We have been so process-driven as an organized Jewish community that we have not demanded more in terms of outcomes.
by Dr. Misha Galperin and Dr. Aviva Zubida Zeltzer
We very much appreciated Jon Levisohn’s recent reflections in eJewishPhilanthropy on rethinking Jewish identity. These came out of a conference on Jewish identity and education and the concern that he expressed about the way the Jewish community talks – or does not talk – about notions of Jewish identity and assumptions that get made about it in the world of education. Levisohn posits that some scholars don’t discuss identity at all, or as much as we should, because it is too hard to measure. Although he offers a number of other reasons, I would like to share our thoughts on how we measure Jewish identity, at least how we are planning to measure it here at The Jewish Agency, where identity building is a core and foundational aspect of our shared work.
Identity is largely about self-understanding: who I think I am in the world, and the narrative that I have created about myself.
But when it comes to collective identity, self-understanding becomes much more complex because the “self” in question is diverse, contradictory, immense, deep and old. Who can claim to shape that identity? Levisohn asks: “If Jewish education is not about strengthening Jewish identity, then what it is about? How can we articulate the desired outcomes of Jewish educational projects and programs without resorting to claims about identity?”
These are fair and important questions that make us more convinced than ever that we need to create some shared language around measurement and assessment. For that, we put on the hats of a clinical psychologist and a sociologist, our professions before joining the world of Jewish communal service. Identity, in our professional understanding, is about the affective, behavioral and cognitive aspects of self (the ABC’s) that together constitute human life. In other words, how we feel, how we act and what we think and know forms our core categories that make up the understanding of selfhood. These are difficult things to measure, but not impossible.
After a process of consultations with researches, practitioners and funders in the world of building Jewish identity over the past two years, we developed an impact matrix utilizing these three foundational aspects of self and we would like to share the prism or lens by which Jewish identity in this construct is devised and then evaluated. We wanted to understand Jewish commitment through one’s attitudes and relationship to Israel, to Jewish heritage, to the Jewish community and to Jewish peoplehood – the values underlying our mission and our programs. We felt that all were central to Jewish self-definition and some, naturally, would be more prominent in the thinking and behavior than others. For example, many see their Jewish identity wrapped up in Israel but care little for their local Jewish community. Others see their identity measure in ritual observance but not in feelings about peoplehood.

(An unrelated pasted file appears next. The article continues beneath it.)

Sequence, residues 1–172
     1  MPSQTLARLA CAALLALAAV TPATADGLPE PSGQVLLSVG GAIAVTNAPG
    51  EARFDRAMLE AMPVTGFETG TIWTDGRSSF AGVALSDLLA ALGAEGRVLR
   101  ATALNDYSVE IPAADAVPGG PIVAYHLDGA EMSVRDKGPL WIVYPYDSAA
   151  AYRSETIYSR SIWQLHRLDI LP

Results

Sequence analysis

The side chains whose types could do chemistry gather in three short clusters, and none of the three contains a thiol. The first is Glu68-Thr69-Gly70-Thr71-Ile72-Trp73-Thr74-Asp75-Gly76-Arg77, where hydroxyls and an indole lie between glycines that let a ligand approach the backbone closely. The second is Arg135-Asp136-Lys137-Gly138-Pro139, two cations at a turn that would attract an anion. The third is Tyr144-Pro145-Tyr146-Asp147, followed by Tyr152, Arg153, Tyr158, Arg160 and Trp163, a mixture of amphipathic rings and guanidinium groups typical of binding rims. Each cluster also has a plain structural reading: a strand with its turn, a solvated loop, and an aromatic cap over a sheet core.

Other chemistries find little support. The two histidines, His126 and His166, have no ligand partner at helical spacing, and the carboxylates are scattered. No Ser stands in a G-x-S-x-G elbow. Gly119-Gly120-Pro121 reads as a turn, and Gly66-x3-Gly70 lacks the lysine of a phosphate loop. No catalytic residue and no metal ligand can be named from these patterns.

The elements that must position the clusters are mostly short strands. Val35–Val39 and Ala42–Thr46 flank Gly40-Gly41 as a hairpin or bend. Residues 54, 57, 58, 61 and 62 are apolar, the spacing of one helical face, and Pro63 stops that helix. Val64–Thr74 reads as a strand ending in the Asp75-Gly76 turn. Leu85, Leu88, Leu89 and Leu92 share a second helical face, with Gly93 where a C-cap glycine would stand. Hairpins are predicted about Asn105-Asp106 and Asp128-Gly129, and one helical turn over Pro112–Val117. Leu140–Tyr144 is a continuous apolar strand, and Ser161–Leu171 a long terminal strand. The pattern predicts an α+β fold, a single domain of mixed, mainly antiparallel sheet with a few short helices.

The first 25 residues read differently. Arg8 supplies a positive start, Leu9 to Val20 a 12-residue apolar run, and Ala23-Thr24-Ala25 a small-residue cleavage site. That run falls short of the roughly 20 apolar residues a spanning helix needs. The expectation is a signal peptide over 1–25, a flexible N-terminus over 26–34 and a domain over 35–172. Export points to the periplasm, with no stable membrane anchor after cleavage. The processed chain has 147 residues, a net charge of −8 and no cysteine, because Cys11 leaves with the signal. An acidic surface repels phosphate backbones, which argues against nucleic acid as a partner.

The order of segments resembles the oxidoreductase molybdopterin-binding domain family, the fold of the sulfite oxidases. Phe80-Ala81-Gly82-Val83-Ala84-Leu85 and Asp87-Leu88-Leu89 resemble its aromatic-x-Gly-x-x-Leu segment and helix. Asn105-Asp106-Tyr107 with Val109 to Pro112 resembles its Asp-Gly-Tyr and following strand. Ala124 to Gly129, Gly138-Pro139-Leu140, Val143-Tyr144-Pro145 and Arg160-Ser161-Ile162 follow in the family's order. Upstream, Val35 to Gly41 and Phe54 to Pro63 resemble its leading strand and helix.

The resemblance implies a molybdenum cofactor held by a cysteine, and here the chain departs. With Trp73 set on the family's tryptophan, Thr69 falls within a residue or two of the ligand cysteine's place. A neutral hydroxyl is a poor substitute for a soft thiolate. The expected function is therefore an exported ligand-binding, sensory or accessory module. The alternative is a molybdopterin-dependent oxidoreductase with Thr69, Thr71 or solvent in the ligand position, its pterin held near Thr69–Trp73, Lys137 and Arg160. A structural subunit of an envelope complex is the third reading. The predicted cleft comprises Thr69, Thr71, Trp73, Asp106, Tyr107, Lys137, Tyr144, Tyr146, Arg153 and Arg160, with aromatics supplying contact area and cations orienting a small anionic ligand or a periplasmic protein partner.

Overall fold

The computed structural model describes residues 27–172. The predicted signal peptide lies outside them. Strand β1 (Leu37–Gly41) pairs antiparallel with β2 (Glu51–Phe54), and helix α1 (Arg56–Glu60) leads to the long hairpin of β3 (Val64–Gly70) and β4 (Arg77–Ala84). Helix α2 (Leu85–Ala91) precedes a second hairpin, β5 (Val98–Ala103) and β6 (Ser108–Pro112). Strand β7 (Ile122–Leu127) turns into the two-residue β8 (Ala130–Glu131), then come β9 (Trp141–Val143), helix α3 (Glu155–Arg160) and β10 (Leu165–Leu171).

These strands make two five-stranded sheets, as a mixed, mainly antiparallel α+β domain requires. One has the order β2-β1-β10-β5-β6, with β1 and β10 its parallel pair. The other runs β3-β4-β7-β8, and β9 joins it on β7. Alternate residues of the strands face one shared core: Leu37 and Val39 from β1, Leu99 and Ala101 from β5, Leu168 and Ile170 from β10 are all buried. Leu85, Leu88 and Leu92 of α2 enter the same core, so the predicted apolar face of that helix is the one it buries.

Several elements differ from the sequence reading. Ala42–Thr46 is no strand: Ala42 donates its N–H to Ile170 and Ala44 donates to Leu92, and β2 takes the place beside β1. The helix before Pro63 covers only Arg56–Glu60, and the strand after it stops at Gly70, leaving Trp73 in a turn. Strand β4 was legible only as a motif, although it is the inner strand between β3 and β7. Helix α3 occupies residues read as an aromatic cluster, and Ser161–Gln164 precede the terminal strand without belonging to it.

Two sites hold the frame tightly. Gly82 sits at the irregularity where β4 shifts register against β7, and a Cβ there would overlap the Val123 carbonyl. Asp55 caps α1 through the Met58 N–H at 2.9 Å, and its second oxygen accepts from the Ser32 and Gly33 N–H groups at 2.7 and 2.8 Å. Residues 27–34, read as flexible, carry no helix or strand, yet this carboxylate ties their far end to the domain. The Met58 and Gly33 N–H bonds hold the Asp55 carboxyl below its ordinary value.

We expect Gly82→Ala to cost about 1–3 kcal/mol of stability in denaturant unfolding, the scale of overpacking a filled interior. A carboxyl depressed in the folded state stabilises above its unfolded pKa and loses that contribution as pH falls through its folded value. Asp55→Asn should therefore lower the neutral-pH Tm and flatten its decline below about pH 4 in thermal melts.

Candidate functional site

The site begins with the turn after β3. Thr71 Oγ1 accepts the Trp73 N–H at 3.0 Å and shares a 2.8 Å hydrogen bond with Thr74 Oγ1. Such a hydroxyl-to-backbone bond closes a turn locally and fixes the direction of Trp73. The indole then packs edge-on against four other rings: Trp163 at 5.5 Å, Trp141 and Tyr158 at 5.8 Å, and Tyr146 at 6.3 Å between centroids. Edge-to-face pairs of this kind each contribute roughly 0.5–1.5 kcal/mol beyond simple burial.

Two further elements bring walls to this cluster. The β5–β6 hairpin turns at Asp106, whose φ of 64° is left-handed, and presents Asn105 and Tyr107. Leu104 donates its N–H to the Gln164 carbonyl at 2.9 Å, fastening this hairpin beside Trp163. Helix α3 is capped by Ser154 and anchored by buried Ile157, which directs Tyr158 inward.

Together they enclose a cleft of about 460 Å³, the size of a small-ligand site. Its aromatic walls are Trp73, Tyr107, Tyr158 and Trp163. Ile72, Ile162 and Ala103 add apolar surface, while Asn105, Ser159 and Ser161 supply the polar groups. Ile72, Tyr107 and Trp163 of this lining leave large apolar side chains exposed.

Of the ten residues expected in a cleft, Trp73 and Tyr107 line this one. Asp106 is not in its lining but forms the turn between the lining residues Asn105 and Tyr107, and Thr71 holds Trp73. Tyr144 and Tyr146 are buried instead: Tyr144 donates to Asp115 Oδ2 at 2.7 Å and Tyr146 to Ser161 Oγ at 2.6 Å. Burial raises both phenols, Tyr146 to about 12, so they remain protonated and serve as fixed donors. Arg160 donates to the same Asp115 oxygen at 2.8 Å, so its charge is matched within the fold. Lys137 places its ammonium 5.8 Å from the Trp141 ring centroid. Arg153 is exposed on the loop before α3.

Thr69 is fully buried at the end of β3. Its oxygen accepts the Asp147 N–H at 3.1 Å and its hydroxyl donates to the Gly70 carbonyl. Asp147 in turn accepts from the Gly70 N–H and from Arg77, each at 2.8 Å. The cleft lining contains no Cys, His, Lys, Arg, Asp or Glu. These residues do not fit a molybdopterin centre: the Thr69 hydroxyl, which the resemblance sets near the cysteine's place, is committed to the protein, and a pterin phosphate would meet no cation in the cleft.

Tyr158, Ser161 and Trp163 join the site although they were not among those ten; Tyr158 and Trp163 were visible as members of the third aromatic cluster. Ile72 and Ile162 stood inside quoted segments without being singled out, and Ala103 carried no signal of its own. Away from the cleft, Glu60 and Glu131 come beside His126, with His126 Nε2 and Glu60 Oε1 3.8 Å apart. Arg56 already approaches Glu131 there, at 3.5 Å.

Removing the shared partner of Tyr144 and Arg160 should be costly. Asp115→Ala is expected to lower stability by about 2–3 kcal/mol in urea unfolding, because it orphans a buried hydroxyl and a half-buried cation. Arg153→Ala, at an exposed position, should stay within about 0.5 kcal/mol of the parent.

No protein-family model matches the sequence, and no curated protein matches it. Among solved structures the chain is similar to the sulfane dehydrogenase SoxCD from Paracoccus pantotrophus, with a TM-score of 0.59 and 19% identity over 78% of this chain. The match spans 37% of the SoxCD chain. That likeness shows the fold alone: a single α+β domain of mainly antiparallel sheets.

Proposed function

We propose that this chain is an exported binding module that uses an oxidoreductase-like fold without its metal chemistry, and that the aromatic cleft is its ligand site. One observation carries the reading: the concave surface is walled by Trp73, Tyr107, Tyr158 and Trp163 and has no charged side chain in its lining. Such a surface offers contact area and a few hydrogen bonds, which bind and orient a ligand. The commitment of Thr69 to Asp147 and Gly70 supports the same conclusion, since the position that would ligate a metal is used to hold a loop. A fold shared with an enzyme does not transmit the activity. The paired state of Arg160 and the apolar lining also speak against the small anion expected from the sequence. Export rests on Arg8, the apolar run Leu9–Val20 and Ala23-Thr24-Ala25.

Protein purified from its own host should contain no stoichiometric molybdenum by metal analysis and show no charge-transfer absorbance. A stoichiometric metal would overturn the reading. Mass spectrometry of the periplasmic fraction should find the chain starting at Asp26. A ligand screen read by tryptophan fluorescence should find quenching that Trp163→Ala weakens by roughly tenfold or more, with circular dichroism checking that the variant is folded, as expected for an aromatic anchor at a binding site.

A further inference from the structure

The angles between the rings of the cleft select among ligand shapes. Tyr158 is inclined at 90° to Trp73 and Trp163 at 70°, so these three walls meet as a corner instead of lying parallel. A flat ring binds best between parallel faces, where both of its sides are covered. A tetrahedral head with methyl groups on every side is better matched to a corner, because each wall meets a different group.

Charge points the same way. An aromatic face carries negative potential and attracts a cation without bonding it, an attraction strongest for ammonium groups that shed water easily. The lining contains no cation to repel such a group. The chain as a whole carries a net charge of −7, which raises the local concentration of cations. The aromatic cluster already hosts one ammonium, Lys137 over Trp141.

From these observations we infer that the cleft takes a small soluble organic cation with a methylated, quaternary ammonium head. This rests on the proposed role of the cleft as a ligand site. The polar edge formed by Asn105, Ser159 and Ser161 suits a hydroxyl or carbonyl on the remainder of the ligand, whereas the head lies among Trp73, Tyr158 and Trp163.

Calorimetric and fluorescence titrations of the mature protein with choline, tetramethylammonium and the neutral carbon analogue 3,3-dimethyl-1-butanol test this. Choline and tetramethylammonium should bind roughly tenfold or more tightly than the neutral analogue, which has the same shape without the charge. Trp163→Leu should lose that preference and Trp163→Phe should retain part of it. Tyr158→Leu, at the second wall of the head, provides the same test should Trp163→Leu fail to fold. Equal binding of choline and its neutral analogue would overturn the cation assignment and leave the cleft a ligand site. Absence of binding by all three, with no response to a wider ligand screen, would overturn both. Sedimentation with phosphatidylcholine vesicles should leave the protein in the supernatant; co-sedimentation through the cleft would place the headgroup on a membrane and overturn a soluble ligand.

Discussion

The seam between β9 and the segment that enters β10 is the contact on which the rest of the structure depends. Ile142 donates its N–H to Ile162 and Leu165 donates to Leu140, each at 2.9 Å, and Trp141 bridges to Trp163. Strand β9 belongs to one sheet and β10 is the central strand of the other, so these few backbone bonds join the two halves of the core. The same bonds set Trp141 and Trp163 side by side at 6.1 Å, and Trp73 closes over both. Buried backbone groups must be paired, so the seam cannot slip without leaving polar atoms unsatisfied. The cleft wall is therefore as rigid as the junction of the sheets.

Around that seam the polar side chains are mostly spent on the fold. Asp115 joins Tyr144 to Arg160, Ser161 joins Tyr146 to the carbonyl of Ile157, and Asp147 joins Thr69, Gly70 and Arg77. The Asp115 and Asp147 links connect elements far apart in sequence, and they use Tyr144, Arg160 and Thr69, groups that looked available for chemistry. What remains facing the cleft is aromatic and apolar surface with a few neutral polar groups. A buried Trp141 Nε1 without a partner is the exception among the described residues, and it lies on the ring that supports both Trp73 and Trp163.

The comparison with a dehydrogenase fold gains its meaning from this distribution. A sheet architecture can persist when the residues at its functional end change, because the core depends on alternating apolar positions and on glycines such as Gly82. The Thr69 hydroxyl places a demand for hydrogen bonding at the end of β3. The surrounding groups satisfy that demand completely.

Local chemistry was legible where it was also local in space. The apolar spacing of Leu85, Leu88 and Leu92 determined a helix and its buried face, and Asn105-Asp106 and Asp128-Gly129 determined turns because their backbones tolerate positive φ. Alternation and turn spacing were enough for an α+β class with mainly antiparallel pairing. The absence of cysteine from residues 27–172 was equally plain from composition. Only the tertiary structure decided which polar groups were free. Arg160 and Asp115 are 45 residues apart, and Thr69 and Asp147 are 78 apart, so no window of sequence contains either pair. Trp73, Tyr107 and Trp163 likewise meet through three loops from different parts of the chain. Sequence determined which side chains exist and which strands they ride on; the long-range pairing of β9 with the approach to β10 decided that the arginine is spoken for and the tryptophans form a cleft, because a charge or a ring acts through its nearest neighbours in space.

When we create programs, we need to evaluate their impact in terms of affect, behavior and cognition. We might survey participants in long and short-term immersive experience and ask – after an Israel program, let’s say, “Do you feel more connected to Israel and Israelis? Do you have a personal opinion about the situation in Israel? Behaviorally, we want to know if you follow news about Israel or participate in Israel-related events? Would you visit Israel again or give to a cause that supports Israel? On the cognition front, we might inquire if someone is more curious or has researched Israel history and society, culture or ways to get involved with Israel.
The same might be true on the Jewish community front. Emotionally, does this program/offering help individuals become more personally invested in the community and have an opinion about its current and future direction? Having an opinion shows a new level of ownership that is qualitatively different from mere participation. And that’s what matters in this “business” – moving people from one level of commitment and cognition to the next. Are we doing that? Not intentionally enough, we believe.
Levisohn asks: “So next time you hear someone using the term, ask yourself: What do they mean by it?” We know what we mean by it at The Jewish Agency, and it’s not a passing phrase that we give lip service to. We have invested too much money and too many years to leave evaluation up to chance. It is time that we all start measuring the impact of what we do in more concrete terms. Are we moving people? Are we changing them? If not, why not? If so, how?
We have been so process-driven as an organized Jewish community that we have not demanded more in terms of outcomes. Outcomes depend on understanding the impact of our work. It’s time. And for my next question I turn back in time to the great sage Hillel: If not now, when?
Misha Galperin is the President and CEO of International Development at The Jewish Agency.
Aviva Zeltzer-Zubida is Chief Strategy Officer at The Jewish Agency.